Saturday, March 2, 2013

The World's Oldest Continuously Operated Family-Owned Ford Dealership.

A Contribution from Ed Garten -- thank you Ed!
The story of Tenvoorde Motor Co., the oldest continuously owned and family-operated Ford dealership, has the makings for a classic American rags-to-riches tale: Pioneer goes west and settles a new town. His son, an adventurous bicycle-shop owner with a passion for wheels, falls in love with the automobile and establishes the nation's second Ford dealership. Business flourishes against the worst odds but then nearly falls into the hands of strangers. Current generation of family members expands the business and looks forward to 21st century.

The roots for the Tenvoorde dynasty were planted when John Tenvoorde led a group of German Dutch settlers from Pennsylvania to Indiana and, then, to St. Cloud, Minn. A merchant, Tenvoorde was one of the founders of St. Cloud.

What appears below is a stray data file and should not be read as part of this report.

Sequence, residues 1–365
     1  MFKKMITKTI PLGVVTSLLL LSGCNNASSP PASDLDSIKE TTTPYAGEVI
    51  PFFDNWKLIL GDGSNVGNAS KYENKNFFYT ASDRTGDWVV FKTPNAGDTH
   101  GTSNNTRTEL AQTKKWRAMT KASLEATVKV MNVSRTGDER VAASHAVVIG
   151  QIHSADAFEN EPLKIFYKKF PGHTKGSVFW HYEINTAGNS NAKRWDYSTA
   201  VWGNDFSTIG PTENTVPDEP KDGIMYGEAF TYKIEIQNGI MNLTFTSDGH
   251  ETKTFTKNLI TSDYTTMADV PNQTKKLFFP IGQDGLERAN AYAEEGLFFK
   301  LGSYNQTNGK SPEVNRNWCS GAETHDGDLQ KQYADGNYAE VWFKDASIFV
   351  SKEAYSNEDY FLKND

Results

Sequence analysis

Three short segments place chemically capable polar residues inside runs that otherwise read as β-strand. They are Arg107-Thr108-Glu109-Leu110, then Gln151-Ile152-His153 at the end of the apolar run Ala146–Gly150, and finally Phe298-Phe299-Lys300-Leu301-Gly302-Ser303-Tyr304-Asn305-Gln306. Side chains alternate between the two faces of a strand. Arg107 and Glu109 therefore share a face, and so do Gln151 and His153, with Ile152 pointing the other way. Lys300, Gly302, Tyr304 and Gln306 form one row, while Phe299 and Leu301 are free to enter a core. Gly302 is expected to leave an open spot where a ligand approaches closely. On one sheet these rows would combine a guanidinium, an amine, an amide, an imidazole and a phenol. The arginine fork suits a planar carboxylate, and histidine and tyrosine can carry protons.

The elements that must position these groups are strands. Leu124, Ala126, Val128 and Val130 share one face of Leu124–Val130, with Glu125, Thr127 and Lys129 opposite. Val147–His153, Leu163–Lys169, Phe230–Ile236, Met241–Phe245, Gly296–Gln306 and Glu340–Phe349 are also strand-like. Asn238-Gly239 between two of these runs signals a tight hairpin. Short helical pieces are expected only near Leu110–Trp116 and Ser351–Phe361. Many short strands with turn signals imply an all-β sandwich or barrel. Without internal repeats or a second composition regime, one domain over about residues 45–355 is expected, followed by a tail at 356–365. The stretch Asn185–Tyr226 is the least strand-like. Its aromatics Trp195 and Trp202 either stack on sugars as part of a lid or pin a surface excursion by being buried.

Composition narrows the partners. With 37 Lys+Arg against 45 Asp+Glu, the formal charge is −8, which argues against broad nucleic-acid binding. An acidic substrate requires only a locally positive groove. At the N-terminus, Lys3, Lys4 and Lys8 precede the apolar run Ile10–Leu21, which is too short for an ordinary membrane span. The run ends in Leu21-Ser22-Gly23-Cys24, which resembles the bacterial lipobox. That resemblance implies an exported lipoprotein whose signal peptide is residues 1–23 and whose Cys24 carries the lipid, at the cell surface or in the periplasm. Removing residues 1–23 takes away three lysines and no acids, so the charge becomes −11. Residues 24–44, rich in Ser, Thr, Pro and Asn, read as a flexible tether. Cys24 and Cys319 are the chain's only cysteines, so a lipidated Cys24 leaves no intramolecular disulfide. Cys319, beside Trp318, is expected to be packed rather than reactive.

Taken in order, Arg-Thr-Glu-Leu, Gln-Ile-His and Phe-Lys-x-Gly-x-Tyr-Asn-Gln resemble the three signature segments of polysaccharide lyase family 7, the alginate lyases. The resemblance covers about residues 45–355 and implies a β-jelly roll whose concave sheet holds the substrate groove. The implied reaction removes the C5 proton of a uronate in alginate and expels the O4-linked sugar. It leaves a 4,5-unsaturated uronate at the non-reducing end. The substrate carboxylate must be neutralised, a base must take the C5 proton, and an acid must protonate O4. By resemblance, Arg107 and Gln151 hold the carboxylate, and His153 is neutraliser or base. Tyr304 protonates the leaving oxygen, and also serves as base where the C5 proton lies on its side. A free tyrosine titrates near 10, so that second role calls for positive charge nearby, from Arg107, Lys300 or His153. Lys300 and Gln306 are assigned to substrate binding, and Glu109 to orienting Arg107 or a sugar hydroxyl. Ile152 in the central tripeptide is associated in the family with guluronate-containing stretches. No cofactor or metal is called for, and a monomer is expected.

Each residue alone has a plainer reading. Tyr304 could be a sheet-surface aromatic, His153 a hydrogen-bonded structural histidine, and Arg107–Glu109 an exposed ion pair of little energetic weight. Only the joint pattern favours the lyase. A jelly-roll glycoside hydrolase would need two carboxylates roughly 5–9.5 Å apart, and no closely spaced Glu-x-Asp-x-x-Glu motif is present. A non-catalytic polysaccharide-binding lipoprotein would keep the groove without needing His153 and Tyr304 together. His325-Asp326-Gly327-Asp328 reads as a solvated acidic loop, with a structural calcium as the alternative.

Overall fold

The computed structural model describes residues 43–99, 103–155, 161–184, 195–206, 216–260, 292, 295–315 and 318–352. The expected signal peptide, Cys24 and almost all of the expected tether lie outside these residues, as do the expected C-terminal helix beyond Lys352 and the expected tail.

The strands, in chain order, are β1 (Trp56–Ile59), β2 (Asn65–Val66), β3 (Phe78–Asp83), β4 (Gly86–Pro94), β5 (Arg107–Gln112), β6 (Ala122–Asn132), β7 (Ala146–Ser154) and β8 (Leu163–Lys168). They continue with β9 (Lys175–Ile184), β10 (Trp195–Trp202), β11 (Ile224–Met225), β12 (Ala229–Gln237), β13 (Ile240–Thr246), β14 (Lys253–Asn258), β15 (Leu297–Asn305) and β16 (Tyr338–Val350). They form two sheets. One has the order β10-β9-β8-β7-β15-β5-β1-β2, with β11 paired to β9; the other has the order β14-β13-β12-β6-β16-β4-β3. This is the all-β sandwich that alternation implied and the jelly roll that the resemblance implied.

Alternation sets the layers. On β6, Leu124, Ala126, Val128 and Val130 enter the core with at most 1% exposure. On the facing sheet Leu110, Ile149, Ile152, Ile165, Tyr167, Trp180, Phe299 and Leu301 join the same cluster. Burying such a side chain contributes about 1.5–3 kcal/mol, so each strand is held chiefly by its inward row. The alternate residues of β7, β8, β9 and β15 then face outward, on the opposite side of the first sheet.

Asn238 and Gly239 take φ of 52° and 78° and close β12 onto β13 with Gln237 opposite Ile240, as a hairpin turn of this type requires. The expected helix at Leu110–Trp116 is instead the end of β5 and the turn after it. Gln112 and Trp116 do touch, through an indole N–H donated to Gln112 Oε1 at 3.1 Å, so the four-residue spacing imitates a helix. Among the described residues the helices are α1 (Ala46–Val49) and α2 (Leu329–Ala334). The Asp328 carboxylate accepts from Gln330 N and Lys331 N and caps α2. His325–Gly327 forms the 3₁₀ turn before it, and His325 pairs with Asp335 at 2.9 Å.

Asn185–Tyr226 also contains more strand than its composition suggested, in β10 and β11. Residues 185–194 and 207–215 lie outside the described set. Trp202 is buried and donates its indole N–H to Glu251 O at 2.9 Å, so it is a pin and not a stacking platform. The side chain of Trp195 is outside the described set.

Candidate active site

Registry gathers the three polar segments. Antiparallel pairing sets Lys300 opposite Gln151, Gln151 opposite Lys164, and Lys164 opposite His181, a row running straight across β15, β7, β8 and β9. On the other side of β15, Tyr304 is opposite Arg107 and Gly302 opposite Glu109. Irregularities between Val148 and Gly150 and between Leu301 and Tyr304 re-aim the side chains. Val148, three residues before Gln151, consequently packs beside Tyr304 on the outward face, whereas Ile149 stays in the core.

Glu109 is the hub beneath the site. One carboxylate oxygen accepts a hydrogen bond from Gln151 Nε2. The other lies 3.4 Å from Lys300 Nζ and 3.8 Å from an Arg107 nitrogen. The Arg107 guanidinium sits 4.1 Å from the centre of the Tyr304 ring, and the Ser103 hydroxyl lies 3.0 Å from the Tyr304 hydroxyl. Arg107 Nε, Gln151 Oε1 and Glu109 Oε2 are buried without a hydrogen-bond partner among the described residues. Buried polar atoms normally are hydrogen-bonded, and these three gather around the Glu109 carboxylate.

His son, Steve Tenvoorde, and his buddy, P.R. Thielman, nicknamed 'The Daredevils,' accomplished the feat of driving a Milwaukee Steamer 70 miles over a rough oxen trail from Minneapolis to St. Cloud to bring the first automobile to their home town in 1899.
An inventive blacksmith and bicycle shop owner, Steve Tenvoorde was hooked on this new invention. In 1901, he began selling cars from his bicycle shop in downtown St. Cloud. He signed the second Ford franchise on March 21, 1903, before Ford Motor Co. was incorporated that June.
William Hughson, founder of Hughson Ford Sales in San Francisco, signed the first Ford franchise only a month earlier, in February 1903. That business no longer is operated by the family.
 The Tenvoorde name has been associated with autos in St. Cloud since 1901. It was a beginning without an ending in sight in 2013..
Indeed, the automobile proved a tough sell in that first year as a Ford franchisee. Steve Tenvoorde sold only a single Ford car that year. Today, the Tenvoorde dealership typically sells 350 new and used retail vehicles per month, said Jack Tenvoorde.